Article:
Near-red/far-red radiation ratio (NR/FR)

Range direct sunlight 1.2: undergrowth beneath a dense crown 0.2 unitless
Organism Biosphere
Reference Körner C (2013) Plant-environment interactions. Chapter 12, pp.1065-1166 in: Bresinsky et al. (eds) Strasburger's plant sciences. Springer Berlin Heidelberg p.1072 right column 2nd paragraph
Comments P.1072 left column 4th paragraph: "Radiation which has passed through green leaves or is reflected from green structures is enriched in far-red radiation (700–800 nm) and depleted in near-red (620–680 nm), that is, the near-red/far-red ratio (NR/FR e.g., I660/I730) is smaller. The fact that plants by their red-light sensors (phytochrome see >Sect. are able to detect their position relative to neighbors has far-reaching consequences for the development of plant stands and for the competition between plants. It has been shown in experiments with individual plants that runners are able to detect and avoid ‘‘green-occupied’’ places, thereby optimizing plant investment into new growth." P.1072 right column 2nd paragraph: "Regeneration of dense plant stands by seedlings under a closed leaf canopy is influenced by the shift in the spectrum of red light from near red to far red so that germination of viable seeds is only initiated when a gap appears in the crown (a near-red signal), signaling a possibility of gaining assimilates by photosynthesis and therefore of survival. Regeneration of forests by seedlings is thus highly dependent on the dynamics of the canopy (gap dynamics). Independent of the intensity of solar radiation, a dense crown reduces the near-red/far-red ratio from about 1.2 in direct sunlight to 0.2 in undergrowth (>Fig. 12.5). Thus, determination of the NR/FR ratio is a further, indirect method of quantifying canopy density (LAI (leaf area index) see >Sect. 12.1.3)."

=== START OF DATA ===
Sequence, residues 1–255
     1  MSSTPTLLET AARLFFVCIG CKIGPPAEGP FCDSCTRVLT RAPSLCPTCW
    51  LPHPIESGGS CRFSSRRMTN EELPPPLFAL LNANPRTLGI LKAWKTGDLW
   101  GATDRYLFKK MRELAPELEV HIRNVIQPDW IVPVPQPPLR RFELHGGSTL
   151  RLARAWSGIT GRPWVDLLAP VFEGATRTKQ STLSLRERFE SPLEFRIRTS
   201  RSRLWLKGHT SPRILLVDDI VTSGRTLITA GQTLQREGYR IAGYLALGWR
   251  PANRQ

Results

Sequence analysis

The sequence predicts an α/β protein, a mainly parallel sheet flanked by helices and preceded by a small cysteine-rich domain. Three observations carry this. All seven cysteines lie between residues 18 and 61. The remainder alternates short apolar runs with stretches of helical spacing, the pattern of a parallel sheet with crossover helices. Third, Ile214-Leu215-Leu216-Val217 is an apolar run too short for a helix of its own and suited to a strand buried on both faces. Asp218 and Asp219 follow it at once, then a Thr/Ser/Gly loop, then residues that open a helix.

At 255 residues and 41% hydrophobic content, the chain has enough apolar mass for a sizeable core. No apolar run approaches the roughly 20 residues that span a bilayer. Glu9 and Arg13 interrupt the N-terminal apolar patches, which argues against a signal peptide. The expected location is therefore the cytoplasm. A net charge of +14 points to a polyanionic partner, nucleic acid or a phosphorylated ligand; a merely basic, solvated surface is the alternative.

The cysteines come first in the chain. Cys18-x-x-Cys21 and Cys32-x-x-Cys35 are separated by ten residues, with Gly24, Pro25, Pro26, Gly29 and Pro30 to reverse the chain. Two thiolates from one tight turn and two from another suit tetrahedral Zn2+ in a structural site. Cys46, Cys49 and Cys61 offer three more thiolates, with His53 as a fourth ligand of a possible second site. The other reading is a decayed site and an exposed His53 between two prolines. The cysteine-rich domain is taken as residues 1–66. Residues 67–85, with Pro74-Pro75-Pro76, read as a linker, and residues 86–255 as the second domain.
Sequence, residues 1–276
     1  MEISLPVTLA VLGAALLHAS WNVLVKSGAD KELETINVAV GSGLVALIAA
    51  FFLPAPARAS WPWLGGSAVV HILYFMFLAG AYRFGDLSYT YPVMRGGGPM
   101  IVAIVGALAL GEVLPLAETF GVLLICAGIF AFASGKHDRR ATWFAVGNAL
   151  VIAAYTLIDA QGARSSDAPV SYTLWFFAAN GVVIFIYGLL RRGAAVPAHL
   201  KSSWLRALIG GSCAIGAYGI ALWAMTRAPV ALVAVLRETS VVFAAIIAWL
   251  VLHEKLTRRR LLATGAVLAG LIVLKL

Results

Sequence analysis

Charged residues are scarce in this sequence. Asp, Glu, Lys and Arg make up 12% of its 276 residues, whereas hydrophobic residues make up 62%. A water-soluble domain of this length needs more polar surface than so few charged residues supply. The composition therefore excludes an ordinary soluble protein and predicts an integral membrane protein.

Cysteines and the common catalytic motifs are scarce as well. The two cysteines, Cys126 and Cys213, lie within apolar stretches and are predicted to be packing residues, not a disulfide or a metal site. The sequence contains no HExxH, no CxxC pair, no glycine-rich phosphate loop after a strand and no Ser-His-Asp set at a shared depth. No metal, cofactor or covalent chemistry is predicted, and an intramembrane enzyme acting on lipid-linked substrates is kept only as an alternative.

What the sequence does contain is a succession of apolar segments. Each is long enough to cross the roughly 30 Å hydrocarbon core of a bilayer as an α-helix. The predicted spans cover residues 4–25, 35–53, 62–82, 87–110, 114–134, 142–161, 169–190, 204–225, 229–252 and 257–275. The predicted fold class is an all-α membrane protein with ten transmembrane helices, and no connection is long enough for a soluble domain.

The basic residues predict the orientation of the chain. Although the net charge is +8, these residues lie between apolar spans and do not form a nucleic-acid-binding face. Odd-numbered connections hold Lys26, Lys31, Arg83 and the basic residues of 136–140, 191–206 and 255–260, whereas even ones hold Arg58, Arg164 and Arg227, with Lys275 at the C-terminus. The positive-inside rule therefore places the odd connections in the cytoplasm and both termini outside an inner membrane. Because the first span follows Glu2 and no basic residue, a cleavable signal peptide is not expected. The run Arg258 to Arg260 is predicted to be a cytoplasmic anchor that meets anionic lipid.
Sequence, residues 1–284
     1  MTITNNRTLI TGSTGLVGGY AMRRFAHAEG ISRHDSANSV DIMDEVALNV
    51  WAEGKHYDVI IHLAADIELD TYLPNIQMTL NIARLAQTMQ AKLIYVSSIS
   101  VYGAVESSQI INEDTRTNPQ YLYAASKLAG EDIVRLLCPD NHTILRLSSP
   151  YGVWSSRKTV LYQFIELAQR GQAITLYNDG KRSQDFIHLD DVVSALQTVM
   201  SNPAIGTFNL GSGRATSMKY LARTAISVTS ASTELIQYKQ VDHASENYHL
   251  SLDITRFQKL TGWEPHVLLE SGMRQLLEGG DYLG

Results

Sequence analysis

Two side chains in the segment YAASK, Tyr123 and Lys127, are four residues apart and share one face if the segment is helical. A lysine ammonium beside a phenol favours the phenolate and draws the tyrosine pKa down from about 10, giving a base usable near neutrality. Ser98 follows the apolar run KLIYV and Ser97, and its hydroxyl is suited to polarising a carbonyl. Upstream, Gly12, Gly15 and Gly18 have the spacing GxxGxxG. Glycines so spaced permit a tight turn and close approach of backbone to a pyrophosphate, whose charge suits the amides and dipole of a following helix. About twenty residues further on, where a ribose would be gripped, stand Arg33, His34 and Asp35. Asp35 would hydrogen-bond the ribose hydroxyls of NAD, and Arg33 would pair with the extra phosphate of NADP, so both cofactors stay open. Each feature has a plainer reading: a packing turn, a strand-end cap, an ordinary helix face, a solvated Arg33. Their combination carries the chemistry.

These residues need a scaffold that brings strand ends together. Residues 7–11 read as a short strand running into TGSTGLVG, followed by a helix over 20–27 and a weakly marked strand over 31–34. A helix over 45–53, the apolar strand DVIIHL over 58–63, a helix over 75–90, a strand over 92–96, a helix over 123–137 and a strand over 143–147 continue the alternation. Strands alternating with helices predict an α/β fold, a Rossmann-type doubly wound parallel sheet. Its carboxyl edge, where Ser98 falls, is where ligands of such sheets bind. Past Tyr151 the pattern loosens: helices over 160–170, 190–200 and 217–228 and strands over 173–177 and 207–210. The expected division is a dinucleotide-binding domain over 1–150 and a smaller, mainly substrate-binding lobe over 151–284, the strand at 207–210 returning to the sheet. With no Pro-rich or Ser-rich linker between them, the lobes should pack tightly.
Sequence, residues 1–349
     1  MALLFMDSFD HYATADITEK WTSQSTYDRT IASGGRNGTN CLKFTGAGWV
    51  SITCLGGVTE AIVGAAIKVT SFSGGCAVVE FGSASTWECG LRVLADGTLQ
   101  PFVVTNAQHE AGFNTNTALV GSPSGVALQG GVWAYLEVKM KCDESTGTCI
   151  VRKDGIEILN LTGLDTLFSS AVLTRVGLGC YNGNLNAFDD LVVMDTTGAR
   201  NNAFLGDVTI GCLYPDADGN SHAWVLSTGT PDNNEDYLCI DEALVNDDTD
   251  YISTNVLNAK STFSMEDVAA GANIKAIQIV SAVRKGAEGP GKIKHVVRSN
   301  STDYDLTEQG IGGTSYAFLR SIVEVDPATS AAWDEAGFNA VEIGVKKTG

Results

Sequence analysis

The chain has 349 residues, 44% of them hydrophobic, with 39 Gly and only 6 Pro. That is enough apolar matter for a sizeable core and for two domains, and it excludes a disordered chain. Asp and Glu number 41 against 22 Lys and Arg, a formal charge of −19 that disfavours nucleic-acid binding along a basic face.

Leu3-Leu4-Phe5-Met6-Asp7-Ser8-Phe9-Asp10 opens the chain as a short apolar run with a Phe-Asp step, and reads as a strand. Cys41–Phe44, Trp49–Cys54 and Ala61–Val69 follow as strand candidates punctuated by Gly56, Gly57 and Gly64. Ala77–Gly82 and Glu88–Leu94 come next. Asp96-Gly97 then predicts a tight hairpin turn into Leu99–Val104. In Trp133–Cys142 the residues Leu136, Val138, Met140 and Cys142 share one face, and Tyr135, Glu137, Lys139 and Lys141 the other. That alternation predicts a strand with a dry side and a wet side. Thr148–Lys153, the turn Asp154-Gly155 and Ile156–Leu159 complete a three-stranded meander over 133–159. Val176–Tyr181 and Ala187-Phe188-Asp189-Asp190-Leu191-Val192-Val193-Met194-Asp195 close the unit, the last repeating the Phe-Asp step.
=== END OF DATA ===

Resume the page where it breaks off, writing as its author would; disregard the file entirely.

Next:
Entered by Uri M
ID 113233